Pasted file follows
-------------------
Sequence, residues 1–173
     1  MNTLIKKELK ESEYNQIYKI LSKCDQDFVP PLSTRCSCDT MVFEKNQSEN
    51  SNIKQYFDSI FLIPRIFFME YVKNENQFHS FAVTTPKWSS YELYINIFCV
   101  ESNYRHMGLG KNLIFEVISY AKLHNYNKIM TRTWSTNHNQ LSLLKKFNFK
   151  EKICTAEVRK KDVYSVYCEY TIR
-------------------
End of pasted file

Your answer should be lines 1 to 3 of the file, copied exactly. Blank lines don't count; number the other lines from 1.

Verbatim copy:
Sequence, residues 1–173
     1  MNTLIKKELK ESEYNQIYKI LSKCDQDFVP PLSTRCSCDT MVFEKNQSEN
    51  SNIKQYFDSI FLIPRIFFME YVKNENQFHS FAVTTPKWSS YELYINIFCV